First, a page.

What role does agriculture play in the structure of future employment in Malawi?

Malawi is among the 15 most agriculture-dependent countries in the world. In 2013, 87 percent of those of working age who were employed were working in agriculture. However, factors pushing workers out of agriculture are intensifying. These include farms declining in size and the consequent decreasing sustainability of agriculture-based livelihoods. Research shows us that these push factors will continue to intensify with population growth.

At the same time, the factors that pull people into non-farm sectors are strengthening. These include growth, if modest, in the Malawian economy; expanding employment in the services sector; increased educational attainment permitting educated individuals to access jobs outside of agriculture; and regional labor migration, especially to South Africa.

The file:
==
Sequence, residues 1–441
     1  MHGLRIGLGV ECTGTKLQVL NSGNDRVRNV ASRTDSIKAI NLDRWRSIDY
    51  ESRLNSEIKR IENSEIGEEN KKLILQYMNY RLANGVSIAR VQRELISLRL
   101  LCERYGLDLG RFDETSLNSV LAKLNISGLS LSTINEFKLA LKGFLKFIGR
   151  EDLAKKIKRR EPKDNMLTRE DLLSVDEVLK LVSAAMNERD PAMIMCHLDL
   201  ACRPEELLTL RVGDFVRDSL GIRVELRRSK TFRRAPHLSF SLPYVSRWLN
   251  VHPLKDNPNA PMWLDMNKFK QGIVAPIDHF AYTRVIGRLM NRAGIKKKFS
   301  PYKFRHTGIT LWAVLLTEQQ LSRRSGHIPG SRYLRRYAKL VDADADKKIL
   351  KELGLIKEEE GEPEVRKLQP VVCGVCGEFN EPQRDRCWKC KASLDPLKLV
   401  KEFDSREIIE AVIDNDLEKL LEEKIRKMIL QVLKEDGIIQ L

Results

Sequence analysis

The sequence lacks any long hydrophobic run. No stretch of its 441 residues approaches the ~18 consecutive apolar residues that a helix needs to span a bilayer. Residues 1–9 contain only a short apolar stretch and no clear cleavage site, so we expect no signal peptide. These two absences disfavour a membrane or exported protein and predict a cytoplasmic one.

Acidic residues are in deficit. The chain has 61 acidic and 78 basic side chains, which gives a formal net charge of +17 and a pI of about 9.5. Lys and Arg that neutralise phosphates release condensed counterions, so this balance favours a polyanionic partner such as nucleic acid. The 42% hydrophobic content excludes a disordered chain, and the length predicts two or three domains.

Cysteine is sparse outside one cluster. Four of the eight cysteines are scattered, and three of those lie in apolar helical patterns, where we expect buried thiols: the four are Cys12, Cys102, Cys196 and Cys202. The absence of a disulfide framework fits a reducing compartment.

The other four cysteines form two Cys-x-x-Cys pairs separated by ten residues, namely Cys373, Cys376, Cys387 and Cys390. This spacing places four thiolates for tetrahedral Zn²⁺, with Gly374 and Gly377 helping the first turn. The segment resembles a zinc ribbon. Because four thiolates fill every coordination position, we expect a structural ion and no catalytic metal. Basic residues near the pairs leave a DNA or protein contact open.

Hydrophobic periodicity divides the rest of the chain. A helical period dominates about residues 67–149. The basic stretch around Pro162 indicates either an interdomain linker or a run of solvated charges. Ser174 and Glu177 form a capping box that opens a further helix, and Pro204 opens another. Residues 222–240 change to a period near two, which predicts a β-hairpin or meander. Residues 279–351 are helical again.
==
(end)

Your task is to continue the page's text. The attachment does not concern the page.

Main findings

IFPRI’s study examined how Malawi’s social, demographic, and economic context affected the employment choices of Malawians, particularly for youth. The findings come from an analysis of data on individuals of working age (15 to 64 years) from the Malawi Integrated Household Surveys (IHS). Data were disaggregated by age – younger youth (15 to 24 years), older youth (25 to 34 years), and non-youth (35 to 64 years); by rural or urban residency; and by sex. If an individual was employed, then the sector of employment– agriculture, industry, or services – was examined. If an individual was not economically active, then whether the individual was a student was considered. (See Figure 1.)

Figure 1: Malawi 2013, size of employment categories by age cohort, disaggregated by rural and urban and by male and female, percentage share of population

 

Source: Analysis by authors of 2013 Malawi Integrated Household Panel Survey. Weighted analysis.